As you can imagine, I spent a good chunk of time looking at the list of Borders that will be closing in the next six to ten weeks following the chain's bankruptcy filing this morning.
I'll have more to say about some individual locations or other specifics, but a thing or two worth noting:
First and most important, a store's fate didn't depend on sales alone. Which might be my biggest sadness about the list. My hope had been the Borders would close a third of its stores doing 20% of its business, but it just ain't so. The rent and square footage ended up saying as much about a store's profitability as the quantity of books it is selling. So here in New York City, there's a store in Glendale, Queens that is still remaining open, in a failed attempt at an upscale shopping mall. So failed that the shopping center itself was just sold at a bankruptcy auction. Hence, the Borders survives. Why? Well, along with the movie theatre the Borders is one of the few traffic generating assets in this failed mall, the rent has probably been dropped to a pumpkin slice and iced mocha at the Seattle's Best cafe, so Borders can keep it open as long as they make payroll. This means the effect on book sales is likely to be bigger than I'd have wished. Yuck!
That being said, there are so many of these stores more than once over many years that have clearly never lived up to expectations, and have clearly been drains on the company even during the good old days. From Kips Bay in Manhattan to Friendship Heights in DC to Century City in LA to a good half dozen of the stores closing in the Chicago area, Borders is finally free of stores that never worked to their rent rolls and expectations, and a company that is free of those many dozens of bad eggs is a better, stronger company on many levels.
However, every store has to contribute to overhead. With fewer stores there are still certain fixed costs that don't go away. The surviving stores have to make an even stronger contribution to overhead in order for the company to have any good chance of moving forward in slimmer shape. Considering the problems Borders has had in recent years, this is sadly not a sure thing.
There is no one type of store that seems to have survived better than some other type. There are new concept stores from 2008 that are gone (Southbury, CT). There are stores in major urban locations (18th & L, DC). There are stores in weird rural locations (Colleyville, TX). There are Waldenbooks replacement stores (Southbury, Milford CT). There are stores in fancy downtowns (Los Gatos, CA). There are new stores and old stores. The problems at Borders weren't limited to this thing or that thing, but to anything and everything.
There's still no recognition that the company needs to use the strengthened cash position it could have coming out of this filing to strengthen its supply chain, speed replenishment, and update reordering and inventory systems to match B&N. The bankruptcy filing still lists things like "strengthen Borders Rewards Plus" and "start selling related non-book items" as the major focus areas of the turnaround plan. These things aren't going to cut it, if they don't deal with the supply chain.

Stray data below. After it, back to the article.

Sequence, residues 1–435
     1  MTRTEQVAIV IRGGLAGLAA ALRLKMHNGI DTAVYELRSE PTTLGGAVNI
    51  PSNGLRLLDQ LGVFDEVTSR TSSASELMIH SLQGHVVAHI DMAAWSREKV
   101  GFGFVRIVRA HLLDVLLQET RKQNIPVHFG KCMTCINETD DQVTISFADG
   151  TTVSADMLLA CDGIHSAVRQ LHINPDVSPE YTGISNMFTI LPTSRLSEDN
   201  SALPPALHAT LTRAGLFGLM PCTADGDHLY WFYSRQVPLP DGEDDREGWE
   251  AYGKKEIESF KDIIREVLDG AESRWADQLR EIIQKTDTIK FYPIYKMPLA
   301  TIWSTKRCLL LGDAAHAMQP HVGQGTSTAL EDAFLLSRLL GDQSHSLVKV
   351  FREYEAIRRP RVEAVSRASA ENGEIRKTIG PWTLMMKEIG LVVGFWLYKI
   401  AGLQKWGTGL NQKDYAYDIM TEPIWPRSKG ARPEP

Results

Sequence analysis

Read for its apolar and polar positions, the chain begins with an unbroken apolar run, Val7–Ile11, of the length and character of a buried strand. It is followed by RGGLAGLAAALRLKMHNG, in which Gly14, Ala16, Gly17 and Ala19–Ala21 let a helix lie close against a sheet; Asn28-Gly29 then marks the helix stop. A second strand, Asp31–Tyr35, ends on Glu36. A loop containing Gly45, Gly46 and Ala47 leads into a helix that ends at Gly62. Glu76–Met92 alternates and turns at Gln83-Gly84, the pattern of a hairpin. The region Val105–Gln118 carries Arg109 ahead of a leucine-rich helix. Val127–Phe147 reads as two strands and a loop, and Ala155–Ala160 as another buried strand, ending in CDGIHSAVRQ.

Personnel? Let's say you're a good GM who's been working at a store selling lots of books with too high a rent, and there's some other store that's surviving because the rent is cheap even though the store itself is managed like shit? With all the tumult, are there people who are going to try and be sure the bad GMs are the ones who end up exiting, and the better GMs will somehow find their way to the stronger remaining stores? Of course there are also a lot of hourly employees who are out of work now, many of them wonderful people. I think here of the clerk at the LA/Howard Hughes Plaza Borders who helped track down copies of some Peter V. Brett books when we did drive-by signings in the area last August. There are a lot of great people like that.
Recovery: Borders needs to make May Day into Borders Day, or something. Somebody needs to work on having a major event with the best author they can possibly find at every surviving Borders store as a way to get some people into the store, make people aware publicly and in a very big way that the surviving stores are in business. I doubt there's anyone working on this.
The closing list emphasizes the folly of all the money Borders spent on remodels. If the store was losing money, did it really matter if it was losing it selling music and movies instead of bargain books? There's so much mis-deployed capital investment represented here.
This is a terribly sad day for me, made at least tolerable because it's the necessary and too long in coming capstone to an event that was becoming inevitable. Several of the earliest Borders stores I ever visited are soon to leave, many of them stores I used to love to visit, that once were truly marvelous stores to shop. There are business concerns I think about, this is real shitty timing with regard to the paperback releases of Oath of Fealty by Elizabeth Moon and The Desert Spear by Peter V. Brett as an example. But my thoughts are less there right now, than with the long-time friends I am losing.
- The Brillig Blogger
- A blog wherein a literary agent will sometimes discuss his business, sometimes discuss the movies he sees, the tennis he watches, or the world around him. In which he will often wish he could say more, but will be obliged by business necessity and basic politeness and simple civility to hold his tongue. Rankings are done on a scale of one to five Slithy Toads, where a 0 is a complete waste of time, a 2 is a completely innocuous way to spend your time, and a 4 is intended as a geas compelling you to make the time.